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Drone Light Show Added to Night Performance Lineup
By Barbara A. Schmitz
July 24, 2018 - These days drones are used to deliver pizza and packages, and aid in search and rescue operations. And at EAA AirVenture Oshkosh 2018, they’ll be used to entertain.
Sixty drones will take part in the night air show, said Matt Quinn, flight director for Great Lakes Drone Co., and those drones will take up a big part of the sky — about 50-200 feet in the air, and about a football field across.
The FAA approved Great Lakes Drone Co. to conduct drone light shows in March 2017. Since then, their shows have slowly been getting bigger and better, Quinn said. “We’re constantly working on improving the technology; there is no cookbook formula on how to do a drone light show, so we’re innovating and trying to figure it out ourselves.”
How much time goes into creating such a show? “Lots,” Quinn said. To do the choreographing, they hire consultants to help tell the story each client wants to tell. AirVenture’s story is about the history of flight, patriotism, and the abstract, all wrapped into one. Shows with 100 drones can easily take two months to program, he said.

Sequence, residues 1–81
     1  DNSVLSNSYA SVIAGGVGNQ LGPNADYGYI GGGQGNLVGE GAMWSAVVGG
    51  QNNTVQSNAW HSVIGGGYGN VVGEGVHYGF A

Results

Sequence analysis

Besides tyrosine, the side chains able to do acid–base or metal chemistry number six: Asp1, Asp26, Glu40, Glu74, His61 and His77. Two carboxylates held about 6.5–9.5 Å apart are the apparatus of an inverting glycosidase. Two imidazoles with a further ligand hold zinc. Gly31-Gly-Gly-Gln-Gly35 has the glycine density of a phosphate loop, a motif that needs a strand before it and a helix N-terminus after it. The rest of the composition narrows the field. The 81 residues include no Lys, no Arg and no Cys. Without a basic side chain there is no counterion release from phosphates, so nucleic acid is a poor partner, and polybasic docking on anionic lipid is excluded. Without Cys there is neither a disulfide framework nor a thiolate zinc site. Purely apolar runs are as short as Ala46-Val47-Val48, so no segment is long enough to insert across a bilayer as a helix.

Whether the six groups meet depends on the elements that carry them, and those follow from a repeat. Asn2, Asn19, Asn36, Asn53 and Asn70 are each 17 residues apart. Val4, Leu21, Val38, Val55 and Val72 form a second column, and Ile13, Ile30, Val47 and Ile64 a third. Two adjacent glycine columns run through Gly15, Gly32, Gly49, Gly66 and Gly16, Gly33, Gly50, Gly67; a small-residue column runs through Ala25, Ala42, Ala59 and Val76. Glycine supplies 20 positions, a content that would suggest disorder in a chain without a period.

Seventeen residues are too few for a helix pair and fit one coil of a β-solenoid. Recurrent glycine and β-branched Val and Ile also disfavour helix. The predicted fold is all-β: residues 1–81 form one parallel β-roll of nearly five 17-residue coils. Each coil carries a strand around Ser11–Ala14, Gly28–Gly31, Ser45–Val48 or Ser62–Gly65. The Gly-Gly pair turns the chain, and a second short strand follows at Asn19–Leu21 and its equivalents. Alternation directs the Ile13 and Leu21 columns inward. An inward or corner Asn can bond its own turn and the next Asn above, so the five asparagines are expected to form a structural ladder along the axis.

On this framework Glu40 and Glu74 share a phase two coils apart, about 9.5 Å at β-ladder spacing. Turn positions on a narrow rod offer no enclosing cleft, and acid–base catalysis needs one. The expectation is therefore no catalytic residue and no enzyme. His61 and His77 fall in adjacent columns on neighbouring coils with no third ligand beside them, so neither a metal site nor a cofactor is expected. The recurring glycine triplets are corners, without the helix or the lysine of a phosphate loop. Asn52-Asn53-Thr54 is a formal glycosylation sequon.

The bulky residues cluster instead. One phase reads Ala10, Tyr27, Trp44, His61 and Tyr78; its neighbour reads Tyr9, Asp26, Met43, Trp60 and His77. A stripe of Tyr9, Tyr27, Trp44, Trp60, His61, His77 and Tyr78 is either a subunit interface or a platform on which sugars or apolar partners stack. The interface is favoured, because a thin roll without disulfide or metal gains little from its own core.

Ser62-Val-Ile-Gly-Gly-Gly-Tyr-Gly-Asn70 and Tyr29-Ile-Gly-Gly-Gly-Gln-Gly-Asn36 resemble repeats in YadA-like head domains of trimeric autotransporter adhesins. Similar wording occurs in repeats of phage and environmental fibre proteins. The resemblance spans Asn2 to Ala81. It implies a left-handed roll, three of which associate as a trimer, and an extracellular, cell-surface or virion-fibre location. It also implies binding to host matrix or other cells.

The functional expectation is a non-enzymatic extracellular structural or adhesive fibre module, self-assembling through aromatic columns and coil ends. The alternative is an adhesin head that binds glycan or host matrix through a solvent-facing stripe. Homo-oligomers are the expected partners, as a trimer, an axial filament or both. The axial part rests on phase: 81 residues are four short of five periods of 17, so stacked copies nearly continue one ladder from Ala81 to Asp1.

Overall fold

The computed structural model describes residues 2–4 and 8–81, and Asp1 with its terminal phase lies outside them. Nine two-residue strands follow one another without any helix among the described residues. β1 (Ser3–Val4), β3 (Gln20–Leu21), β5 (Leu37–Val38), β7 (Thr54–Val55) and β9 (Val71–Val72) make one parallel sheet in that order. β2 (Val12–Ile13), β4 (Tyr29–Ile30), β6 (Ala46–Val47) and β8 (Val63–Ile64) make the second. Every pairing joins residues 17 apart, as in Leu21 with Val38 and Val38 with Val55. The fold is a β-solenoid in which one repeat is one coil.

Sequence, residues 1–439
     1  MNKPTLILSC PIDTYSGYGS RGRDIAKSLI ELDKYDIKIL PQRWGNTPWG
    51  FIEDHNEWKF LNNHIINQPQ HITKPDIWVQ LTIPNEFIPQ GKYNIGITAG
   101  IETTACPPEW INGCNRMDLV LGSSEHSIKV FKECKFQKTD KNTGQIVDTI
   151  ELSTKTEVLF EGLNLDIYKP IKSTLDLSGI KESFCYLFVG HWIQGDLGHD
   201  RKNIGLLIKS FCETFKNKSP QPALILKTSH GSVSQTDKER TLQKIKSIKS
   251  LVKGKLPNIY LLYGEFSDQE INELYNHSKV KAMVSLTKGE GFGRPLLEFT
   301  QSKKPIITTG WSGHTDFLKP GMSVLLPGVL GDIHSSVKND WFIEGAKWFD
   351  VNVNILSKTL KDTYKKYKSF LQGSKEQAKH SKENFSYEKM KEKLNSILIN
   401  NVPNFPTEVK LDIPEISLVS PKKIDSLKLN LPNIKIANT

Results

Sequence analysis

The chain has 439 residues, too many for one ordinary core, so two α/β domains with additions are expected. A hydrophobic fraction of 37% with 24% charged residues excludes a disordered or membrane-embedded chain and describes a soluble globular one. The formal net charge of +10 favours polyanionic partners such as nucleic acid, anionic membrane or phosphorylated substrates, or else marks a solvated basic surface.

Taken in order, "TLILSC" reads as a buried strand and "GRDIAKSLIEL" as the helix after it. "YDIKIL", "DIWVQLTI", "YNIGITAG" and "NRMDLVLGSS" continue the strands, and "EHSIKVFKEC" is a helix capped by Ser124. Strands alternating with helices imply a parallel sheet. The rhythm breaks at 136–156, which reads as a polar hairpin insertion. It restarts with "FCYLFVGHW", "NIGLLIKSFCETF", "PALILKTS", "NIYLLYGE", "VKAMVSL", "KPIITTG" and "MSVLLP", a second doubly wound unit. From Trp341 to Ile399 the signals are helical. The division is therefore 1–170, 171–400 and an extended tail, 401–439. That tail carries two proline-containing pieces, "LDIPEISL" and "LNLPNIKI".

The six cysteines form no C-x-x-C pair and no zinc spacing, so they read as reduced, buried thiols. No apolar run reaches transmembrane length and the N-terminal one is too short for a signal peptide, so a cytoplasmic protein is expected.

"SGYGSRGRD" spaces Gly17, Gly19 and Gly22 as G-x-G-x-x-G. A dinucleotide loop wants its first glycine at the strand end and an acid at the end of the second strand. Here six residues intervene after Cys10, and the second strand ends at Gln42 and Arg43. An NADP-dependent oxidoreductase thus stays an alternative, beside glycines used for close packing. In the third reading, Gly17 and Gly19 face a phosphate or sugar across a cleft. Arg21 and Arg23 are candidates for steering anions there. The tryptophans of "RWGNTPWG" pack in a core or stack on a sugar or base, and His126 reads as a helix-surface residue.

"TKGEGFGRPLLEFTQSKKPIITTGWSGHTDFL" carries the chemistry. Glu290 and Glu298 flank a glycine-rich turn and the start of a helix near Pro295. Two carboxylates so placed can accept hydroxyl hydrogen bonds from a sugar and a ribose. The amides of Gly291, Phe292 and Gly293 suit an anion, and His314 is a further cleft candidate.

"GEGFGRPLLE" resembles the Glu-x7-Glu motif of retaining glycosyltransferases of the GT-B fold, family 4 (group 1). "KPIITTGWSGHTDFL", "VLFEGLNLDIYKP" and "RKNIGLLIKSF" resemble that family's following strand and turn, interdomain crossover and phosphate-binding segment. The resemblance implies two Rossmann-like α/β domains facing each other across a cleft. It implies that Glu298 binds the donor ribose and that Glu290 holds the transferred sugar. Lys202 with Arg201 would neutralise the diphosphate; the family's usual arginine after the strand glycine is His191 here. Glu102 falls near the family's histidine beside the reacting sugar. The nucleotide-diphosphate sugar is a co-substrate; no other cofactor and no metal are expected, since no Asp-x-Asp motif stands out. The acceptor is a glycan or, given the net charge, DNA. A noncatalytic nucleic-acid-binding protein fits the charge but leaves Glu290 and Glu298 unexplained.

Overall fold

From there, they create a wire frame and do a video simulation of what the show will look like. On top of that, they also need to coordinate their show with the client and the FAA.
Quinn said they try to do as much work as possible in advance. So that means days before, they are setting up their grid and spray painting it on the ground, and doing all their compass calibrations and communications checks. “There are a lot of logistics and timing we have to work through, like where the B-1 will be taking off. We can’t set up until it’s gone, or otherwise, he’ll just blow us away,” Quinn said.
Katie Gilmore, a drone pilot and Great Lakes regulatory and logistics director, said the EAA show has been more challenging than usual since they have to coordinate the crew from multiple locations. “But we’ve brought in the best-of-the-best (drone) pilots … they are all top-notch pilots who are also familiar with general aviation,” she said.
Eleven staff people are working AirVenture. “There are a lot of things to watch and monitor,” Quinn said. “For instance, suppose the drones take off and suddenly birds start coming toward the flight path. We have to step in and do something.”